Contrast-enhanced helical/spiral computed tomography (CECT) is the imaging study of choice, both in adults and in children with acute pyelonephritis. CECT is more sensitive than ultrasonography and intravenous pyelography (which has only 25% sensitivity), and it can more readily identify alterations in renal parenchymal perfusion, alterations in contrast excretion, perinephric fluid, and nonrenal disease.

Noncontrast helical/spiral CT findings may be normal in acute pyelonephritis with mild parenchymal involvement, but the findings are usually positive when the involvement is moderate or severe. It is the standard study for demonstrating gas-forming infections, hemorrhage, inflammatory masses, and obstruction.

If findings are suggestive of nephrolithiasis complicating the presentation, a noncontrast CT scan of the kidneys, ureters, and bladder (KUB) or a CT urogram should be obtained to exclude the possibility of obstruction or hydronephrosis.[9] CT has 97% accuracy in identifying renal stones. (See the images below.)

Nonobstructing distal left ureteral calculus 2 X 1 Nonobstructing distal left ureteral calculus 2 X 1 X 2 cm.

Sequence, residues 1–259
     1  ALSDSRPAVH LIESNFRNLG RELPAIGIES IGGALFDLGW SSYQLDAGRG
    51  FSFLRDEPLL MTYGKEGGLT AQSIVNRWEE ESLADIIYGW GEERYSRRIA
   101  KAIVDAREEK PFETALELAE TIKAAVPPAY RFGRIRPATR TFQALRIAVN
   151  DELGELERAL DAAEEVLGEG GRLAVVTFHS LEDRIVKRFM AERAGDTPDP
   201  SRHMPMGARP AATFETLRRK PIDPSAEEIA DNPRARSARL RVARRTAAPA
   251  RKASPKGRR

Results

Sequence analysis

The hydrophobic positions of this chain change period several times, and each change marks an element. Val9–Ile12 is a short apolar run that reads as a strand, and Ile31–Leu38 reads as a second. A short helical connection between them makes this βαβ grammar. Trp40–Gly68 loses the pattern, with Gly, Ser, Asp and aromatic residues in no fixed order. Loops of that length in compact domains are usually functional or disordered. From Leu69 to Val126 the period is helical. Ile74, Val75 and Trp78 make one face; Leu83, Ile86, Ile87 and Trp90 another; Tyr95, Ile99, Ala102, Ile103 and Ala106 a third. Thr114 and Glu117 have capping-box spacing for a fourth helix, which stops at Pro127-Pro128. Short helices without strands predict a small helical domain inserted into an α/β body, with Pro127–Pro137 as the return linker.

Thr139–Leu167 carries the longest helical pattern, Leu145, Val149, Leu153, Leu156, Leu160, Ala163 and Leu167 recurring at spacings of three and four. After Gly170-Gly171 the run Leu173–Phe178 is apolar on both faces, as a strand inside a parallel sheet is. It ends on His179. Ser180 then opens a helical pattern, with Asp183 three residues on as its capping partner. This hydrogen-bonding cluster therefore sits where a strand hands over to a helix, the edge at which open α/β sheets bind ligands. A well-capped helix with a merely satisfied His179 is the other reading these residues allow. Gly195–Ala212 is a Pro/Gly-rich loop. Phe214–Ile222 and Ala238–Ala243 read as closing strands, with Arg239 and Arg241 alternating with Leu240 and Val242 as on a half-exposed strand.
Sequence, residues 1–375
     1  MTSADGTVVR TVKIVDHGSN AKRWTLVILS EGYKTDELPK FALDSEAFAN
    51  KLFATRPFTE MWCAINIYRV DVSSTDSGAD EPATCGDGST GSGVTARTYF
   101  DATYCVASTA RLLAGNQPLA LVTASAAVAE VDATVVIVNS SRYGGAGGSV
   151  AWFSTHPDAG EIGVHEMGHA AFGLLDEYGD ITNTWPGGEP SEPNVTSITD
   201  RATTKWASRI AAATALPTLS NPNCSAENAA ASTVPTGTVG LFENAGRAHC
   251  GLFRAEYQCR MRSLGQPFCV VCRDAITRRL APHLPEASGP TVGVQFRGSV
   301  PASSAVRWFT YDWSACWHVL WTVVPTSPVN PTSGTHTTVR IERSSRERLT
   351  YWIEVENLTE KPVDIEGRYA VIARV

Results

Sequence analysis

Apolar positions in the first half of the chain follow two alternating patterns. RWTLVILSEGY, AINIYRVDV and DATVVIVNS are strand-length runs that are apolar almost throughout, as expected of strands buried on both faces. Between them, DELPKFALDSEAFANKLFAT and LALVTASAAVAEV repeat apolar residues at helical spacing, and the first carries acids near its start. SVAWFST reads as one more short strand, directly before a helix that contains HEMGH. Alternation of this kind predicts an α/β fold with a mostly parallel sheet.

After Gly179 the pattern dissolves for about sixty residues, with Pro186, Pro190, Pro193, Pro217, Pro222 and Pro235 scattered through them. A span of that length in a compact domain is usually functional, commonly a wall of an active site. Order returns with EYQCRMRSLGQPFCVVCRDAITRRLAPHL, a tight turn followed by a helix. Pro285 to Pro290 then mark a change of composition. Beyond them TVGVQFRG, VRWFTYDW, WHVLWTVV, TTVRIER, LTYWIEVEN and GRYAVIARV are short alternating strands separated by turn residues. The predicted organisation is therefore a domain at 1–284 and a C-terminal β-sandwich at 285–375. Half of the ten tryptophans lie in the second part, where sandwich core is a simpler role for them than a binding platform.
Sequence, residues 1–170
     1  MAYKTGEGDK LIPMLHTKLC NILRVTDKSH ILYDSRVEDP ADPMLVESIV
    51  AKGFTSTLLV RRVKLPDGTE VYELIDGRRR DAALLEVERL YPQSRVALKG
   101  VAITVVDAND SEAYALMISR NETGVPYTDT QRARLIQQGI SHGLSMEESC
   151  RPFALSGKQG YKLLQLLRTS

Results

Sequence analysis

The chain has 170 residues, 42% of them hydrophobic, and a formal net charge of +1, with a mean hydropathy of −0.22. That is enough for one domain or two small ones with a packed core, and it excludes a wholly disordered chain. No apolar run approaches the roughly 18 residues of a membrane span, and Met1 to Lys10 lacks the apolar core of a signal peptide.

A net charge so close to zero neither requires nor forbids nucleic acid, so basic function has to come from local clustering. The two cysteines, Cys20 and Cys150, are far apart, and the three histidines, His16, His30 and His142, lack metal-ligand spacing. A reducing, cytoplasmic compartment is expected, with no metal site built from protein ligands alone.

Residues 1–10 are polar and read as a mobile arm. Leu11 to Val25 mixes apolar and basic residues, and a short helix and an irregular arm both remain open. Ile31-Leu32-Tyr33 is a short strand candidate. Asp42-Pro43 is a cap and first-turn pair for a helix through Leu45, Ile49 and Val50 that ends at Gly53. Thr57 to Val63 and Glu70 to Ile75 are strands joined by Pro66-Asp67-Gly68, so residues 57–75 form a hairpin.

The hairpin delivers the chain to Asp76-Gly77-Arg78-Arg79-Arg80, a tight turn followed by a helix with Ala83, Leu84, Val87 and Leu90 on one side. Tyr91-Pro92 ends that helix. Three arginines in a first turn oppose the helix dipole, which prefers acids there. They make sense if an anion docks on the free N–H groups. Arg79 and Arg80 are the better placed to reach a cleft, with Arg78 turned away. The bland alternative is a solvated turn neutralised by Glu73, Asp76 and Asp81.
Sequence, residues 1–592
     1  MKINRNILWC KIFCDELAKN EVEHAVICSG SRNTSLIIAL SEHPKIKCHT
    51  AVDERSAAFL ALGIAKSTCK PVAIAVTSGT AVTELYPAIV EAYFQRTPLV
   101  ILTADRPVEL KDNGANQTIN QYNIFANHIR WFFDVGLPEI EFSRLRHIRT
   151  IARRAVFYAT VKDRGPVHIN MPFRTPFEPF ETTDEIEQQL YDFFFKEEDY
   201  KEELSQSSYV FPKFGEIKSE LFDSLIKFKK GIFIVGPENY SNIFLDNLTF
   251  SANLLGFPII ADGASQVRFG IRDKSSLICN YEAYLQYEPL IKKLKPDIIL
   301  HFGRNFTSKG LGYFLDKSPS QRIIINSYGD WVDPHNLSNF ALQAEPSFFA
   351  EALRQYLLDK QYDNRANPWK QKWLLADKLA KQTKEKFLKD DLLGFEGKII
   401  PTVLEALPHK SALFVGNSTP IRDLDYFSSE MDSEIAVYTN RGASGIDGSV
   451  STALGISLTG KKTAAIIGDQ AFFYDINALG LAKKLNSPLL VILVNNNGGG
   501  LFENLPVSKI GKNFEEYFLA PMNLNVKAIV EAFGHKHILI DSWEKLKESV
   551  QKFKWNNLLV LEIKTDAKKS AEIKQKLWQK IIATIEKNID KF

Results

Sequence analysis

Bilateral hydronephrosis. Bilateral hydronephrosis.

Abscesses should appear on CT scans as low-density masses with contrast enhancement of the wall from inflamed/dilated blood vessels (see the image below). Acute focal bacterial nephritis has a lobar distribution of inflammation, wedge-shaped hypodense lesions (postcontrast), and masslike hypodense lesions in severe infections. Xanthogranulomatous pyelonephritis may appear as large renal calculi, nonfunctioning kidneys, contrast enhancement around low attenuation areas, thickening of the Gerota fascia, and spherical areas of low attenuation.

Multiple abscesses, upper pole of left kidney. Multiple abscesses, upper pole of left kidney.
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Ultrasonography

Ultrasonography (US) can sometimes detect acute pyelonephritis, but a negative study does not exclude the possibility. Power Doppler US is superior to color Doppler US in the detection of pyelonephritis but remains inferior to contrast-enhanced helical/spiral computed tomography (CECT).

Renal US is nevertheless a useful imaging modality in patients with complicated UTIs, and it may be performed at the bedside in a patient who is hemodynamically unstable. It is relatively inexpensive, it does not involve radiation, and iodinated contrast is not needed. It is an alternative to CT to identify hydronephrosis if there is concern regarding nephrolithiasis.[9] US is useful in screening for urinary obstruction in children admitted for febrile illnesses.

On ultrasonography, a renal abscess may appear as a fluid-filled mass with a thick wall. Acute focal bacterial nephritis appears as a poorly defined mass with low-amplitude echoes and disruption of the corticomedullary junction. In xanthogranulomatous pyelonephritis, imaging reveals stones in approximately 70% of patients.